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Wednesday, 10 December 1986
Page: 3763

The PRESIDENT —Order! As has been rumoured in the Parliament for some time, this is expected to be the last night that I will occupy the chair of the presidency of the Senate. Therefore, I seek the indulgence of the Senate to make one or two passing remarks. It was 25 years ago yesterday, namely on 9 December 1961, that I was first elected as a senator for New South Wales. It is said that a week is a long time in politics. Honourable senators will realise that the political timespan involved in a quarter of a century is much longer than a week. But I must say that, despite the 18 long years that I served in opposition, my total period of 25 years in the Parliament has provided me with magnificent memories of many wonderful people and an enormous wealth of stories that could probably fill a couple of volumes.

I have been most fortunate to have made many friends in all political parties in the Parliament, in my own State of New South Wales, throughout Australia and internationally, and I am grateful to the Labor movement and to my fellow New South Welshmen for having given me the opportunity to serve them for so long. I have enjoyed my period of service as a Minister of the Crown in the two portfolios I occupied between 1972 and 1975 and I was particularly honoured to have been chosen to serve as President of the Senate from 1983 to now. It is the highest honour that can be conferred on any member of the Senate and I have always consciously tried to keep that fact in mind. I am privileged to have occupied this chair.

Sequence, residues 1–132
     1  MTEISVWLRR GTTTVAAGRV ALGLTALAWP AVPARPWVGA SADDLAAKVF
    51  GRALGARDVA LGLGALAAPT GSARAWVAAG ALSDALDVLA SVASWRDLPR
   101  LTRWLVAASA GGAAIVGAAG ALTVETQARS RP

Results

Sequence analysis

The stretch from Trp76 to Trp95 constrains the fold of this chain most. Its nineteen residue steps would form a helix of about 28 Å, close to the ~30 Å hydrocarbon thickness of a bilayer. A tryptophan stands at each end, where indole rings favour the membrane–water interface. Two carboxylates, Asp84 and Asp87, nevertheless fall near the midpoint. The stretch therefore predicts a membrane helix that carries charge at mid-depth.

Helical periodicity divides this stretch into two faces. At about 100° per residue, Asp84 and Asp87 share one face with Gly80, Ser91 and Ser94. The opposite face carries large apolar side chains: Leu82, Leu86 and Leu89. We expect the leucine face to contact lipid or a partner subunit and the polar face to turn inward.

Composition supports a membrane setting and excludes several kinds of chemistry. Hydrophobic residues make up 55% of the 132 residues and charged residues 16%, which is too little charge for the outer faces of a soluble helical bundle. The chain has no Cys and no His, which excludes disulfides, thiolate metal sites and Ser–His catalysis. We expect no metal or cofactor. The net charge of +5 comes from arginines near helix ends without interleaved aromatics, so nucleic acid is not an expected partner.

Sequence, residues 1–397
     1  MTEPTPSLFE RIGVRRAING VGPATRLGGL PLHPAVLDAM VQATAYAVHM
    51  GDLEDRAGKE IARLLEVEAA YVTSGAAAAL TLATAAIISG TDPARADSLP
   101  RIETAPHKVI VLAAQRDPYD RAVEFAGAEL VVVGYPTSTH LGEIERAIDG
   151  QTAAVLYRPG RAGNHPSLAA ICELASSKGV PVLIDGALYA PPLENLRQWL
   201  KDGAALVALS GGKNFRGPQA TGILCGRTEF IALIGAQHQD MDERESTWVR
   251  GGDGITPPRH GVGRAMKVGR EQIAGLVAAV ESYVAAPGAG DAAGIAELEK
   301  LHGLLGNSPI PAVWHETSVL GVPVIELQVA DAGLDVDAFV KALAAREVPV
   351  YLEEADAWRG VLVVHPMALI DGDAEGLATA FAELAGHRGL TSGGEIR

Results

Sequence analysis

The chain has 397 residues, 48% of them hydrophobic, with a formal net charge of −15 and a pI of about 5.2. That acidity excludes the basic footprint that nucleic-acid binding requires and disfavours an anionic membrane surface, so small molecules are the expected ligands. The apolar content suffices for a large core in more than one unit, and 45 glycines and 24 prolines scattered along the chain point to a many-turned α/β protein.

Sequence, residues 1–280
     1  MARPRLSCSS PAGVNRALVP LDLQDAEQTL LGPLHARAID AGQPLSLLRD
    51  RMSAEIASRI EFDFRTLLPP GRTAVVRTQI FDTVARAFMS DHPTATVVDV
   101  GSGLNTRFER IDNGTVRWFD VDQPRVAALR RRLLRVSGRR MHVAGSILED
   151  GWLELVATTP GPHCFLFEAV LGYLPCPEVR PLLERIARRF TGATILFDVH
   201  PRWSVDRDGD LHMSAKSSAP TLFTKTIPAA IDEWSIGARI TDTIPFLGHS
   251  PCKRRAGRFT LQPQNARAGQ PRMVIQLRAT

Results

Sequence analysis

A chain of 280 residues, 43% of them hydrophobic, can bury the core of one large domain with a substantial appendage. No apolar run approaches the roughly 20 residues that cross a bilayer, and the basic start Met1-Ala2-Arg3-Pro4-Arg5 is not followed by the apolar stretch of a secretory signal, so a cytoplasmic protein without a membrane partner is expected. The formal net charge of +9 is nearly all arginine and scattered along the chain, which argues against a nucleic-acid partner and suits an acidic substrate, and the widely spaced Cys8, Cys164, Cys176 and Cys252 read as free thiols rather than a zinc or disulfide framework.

I am indebted to my present and erstwhile colleagues of the Federal Parliamentary Labor Party for the support they have given me over the years. They have been great friends and great mates and I shall cherish the memories I shall always have of the historic times we have gone through together and also the very happy and convivial evenings we have had from time to time. I thank the Leader of the Opposition and all members of the coalition for the co-operation I have received from them in the maintaining of order in the Senate. I am most grateful to them for having invited me and my wife to their Christmas function last Thursday night.

Senator Kilgariff-With some of your friends.

The PRESIDENT —With some of my friends too. As I told the members of the coalition, when I first entered Parliament one of the old Labor stalwarts at the time advised me to make sure that I made friends across the whole of the Parliament, not merely on one side. I must say that that was some of the best advice I have ever received. I also thank the Australian Democrats and the independents for the warmth of their personal friendship and the co-operation they have extended to me.

I pay tribute to the Speaker of the House of Representatives, Mrs Joan Child, for her ready willingness to review the overall administration of the Parliament. She has been a great help. I also thank her predecessor, Dr Jenkins, for his co-operation during the time we jointly served as Presiding Officers. I pay tribute to the Clerk of the Senate, his various Clerks Assistant and to all officers of the Senate, especially to my friend the Usher of the Black Rod, and to the Deputy Usher of the Black Rod, who personally have looked after me so well. To the Clerk of the House of Representatives, the Parliamentary Librarian, the Principal Parliamentary Reporter, the Secretary of the Joint House Department and all their officers, I say thank you for a job well done in difficult and trying conditions. The time is now not far off when Parliament will go to another building and the present acute accommodation arrangements will be considerably eased.